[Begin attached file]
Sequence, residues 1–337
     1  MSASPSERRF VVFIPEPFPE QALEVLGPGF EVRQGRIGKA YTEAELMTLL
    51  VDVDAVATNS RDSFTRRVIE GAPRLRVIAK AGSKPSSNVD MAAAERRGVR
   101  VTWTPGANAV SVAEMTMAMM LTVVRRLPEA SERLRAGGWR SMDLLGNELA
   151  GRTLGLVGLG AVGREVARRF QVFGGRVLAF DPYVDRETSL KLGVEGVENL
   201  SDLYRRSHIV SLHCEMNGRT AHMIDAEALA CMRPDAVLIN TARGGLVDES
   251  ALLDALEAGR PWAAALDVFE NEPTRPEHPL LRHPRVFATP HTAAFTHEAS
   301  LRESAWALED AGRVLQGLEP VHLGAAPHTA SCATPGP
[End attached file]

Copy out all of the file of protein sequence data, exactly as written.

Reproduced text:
Sequence, residues 1–337
     1  MSASPSERRF VVFIPEPFPE QALEVLGPGF EVRQGRIGKA YTEAELMTLL
    51  VDVDAVATNS RDSFTRRVIE GAPRLRVIAK AGSKPSSNVD MAAAERRGVR
   101  VTWTPGANAV SVAEMTMAMM LTVVRRLPEA SERLRAGGWR SMDLLGNELA
   151  GRTLGLVGLG AVGREVARRF QVFGGRVLAF DPYVDRETSL KLGVEGVENL
   201  SDLYRRSHIV SLHCEMNGRT AHMIDAEALA CMRPDAVLIN TARGGLVDES
   251  ALLDALEAGR PWAAALDVFE NEPTRPEHPL LRHPRVFATP HTAAFTHEAS
   301  LRESAWALED AGRVLQGLEP VHLGAAPHTA SCATPGP